#BeatEngland, beat sunburn

July 12, 2019

UV detection stickers trialled by Queensland University of Technology (QUT) researchers at the November 2017 Ashes Test at the Gabba have scored with cricket fans.

The stickers, some of which were tagged with Cricket Australia's official 2017 campaign hashtag #BeatEngland, contained UV-sensitive ink which changes colour to warn people when the effect of their sunscreen is wearing off and it needs to be reapplied.

Among study participants who received the stickers, 80 per cent were prompted to reapply protective sunscreen and 86 per cent said they'd like to see stickers included with tickets to outdoor events.Dr Hacker said most of the study participants had very fair or fair skin (63 per cent) and the majority were men (72 per cent).

"Adherence was high among those given the UV detection stickers, with 95 per cent of people using them," Dr Hacker said.

"And 80 per cent of this group reported that they had reapplied sunscreen during the day. That compares to 68 per cent in the control group who didn't have the stickers.

"So the results tell us that the stickers are effective reminders to reapply sunscreen throughout the day when people are outside for long periods of time in Queensland, where we have one of world's highest incidences of melanoma.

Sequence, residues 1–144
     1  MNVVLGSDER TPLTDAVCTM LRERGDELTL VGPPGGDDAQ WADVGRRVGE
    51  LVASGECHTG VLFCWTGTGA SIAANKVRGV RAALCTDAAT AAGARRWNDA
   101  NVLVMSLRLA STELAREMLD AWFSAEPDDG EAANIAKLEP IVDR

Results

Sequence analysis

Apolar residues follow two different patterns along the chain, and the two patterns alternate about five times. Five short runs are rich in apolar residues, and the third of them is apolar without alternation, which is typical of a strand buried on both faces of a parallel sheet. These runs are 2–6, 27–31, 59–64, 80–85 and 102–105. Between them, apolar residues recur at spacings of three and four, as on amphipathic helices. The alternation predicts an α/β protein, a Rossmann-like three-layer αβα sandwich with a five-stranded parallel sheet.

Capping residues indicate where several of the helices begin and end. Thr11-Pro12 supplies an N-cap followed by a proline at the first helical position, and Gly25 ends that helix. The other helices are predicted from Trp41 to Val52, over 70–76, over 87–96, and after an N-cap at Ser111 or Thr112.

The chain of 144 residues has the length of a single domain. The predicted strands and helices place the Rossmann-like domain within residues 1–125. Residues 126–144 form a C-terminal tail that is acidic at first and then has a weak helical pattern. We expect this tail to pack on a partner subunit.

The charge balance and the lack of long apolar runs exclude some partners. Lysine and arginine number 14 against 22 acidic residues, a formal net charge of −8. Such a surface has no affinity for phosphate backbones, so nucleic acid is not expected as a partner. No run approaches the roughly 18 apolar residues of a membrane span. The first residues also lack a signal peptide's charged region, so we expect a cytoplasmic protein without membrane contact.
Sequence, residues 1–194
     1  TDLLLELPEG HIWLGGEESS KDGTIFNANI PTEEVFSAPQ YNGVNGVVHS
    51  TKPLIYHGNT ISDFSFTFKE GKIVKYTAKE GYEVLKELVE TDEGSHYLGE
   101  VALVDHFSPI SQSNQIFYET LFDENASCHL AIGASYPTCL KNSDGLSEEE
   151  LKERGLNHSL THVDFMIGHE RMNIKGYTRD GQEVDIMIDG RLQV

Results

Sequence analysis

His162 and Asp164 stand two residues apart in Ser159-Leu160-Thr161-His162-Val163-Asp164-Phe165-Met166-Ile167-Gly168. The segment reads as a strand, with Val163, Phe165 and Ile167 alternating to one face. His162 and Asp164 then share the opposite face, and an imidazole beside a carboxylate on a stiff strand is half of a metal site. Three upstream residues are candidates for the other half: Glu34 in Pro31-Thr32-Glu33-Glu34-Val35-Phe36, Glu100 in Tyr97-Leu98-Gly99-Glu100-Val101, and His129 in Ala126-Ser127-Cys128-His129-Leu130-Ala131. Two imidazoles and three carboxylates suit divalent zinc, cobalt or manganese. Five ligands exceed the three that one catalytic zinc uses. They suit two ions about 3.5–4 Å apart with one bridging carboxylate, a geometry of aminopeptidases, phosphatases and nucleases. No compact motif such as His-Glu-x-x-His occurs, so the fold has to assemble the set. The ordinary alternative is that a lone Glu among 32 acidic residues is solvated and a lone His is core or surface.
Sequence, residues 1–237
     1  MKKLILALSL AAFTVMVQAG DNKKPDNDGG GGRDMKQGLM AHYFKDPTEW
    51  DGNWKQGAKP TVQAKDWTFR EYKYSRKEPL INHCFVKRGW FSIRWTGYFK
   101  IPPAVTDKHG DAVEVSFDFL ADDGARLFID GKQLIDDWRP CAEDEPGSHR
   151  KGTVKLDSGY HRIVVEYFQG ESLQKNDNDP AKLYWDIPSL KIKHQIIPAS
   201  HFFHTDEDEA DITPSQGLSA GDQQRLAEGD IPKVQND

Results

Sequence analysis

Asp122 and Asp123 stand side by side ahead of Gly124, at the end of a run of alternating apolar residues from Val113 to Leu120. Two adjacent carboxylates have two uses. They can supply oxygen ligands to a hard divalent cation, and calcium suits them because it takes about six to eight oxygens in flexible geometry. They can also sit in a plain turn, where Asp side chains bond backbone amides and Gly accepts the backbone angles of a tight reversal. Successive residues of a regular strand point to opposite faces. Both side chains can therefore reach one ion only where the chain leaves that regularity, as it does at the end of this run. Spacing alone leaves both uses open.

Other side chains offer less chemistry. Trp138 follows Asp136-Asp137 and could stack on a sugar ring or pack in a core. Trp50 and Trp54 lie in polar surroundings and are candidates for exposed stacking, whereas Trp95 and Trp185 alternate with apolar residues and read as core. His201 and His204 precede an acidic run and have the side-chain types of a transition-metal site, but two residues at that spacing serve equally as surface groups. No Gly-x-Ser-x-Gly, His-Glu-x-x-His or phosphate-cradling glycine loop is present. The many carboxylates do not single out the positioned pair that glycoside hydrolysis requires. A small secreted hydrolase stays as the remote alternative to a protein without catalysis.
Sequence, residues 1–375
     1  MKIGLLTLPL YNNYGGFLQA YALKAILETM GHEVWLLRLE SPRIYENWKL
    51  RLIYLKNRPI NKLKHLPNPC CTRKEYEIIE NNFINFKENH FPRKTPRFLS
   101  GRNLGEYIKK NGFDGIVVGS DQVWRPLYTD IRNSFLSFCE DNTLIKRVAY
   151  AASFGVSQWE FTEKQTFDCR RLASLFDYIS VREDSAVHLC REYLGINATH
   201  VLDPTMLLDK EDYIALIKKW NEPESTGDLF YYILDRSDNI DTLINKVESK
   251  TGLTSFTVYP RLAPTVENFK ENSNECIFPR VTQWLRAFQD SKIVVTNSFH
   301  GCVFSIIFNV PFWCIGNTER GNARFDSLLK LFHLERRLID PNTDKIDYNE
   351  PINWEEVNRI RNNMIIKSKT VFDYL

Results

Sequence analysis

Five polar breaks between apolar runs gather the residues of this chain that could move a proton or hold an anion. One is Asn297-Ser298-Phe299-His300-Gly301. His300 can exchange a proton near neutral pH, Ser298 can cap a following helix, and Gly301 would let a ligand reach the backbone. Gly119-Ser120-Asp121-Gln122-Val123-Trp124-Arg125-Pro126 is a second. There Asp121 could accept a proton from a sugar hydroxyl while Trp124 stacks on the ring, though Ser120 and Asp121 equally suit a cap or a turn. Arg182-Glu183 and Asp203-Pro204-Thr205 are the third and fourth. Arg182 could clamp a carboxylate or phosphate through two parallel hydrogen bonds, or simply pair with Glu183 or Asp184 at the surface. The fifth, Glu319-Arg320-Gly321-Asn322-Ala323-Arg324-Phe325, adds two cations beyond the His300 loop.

"The high rate of use of the stickers indicates this type of technology resonated with people. The stickers are small, simple to use and provide personalised information."

Dr Hacker said while the stickers were effective as a reminder, 41 of all study participants did report a mild sunburn mostly on their face and neck. Most of these people said they had applied and reapplied their sunscreen.

"This suggests that perhaps people may not have applied enough sunscreen or did not apply it in a way that gave them full protection from sunburn," she said.

"Previous studies have shown that people sometimes apply only half the recommended thickness to cover the skin.

"This is something to look at in future studies. Perhaps more public information campaigns on sunscreen amount and application technique are needed."

High school physical education teacher Shaun Griggs, 53, was among the cricket fans who participated in the study.

"I am your typical red hair equals fair skin, and I think anything that makes people more aware of sun safety, especially when you are outside all day, is a great idea," he said.

"I had prepared for the cricket. I had a hat, sunglasses and sunscreen and had chosen to sit under cover. I had the UV detection sticker on the back of my hand and when it changed colour it reminded me to put on more sunscreen.

"I teach sun safety to my students, so I am keen to share the results of this study with them."

CEO of Cricket Australia Kevin Roberts said safety is a "key priority" for cricketers at all levels of the game.

"Exposure to the sun for long periods of time is a reality for players and fans," he said.

"To have partnered with QUT to understand how we can enable better guidance on sunscreen use is an important and innovative public health advancement."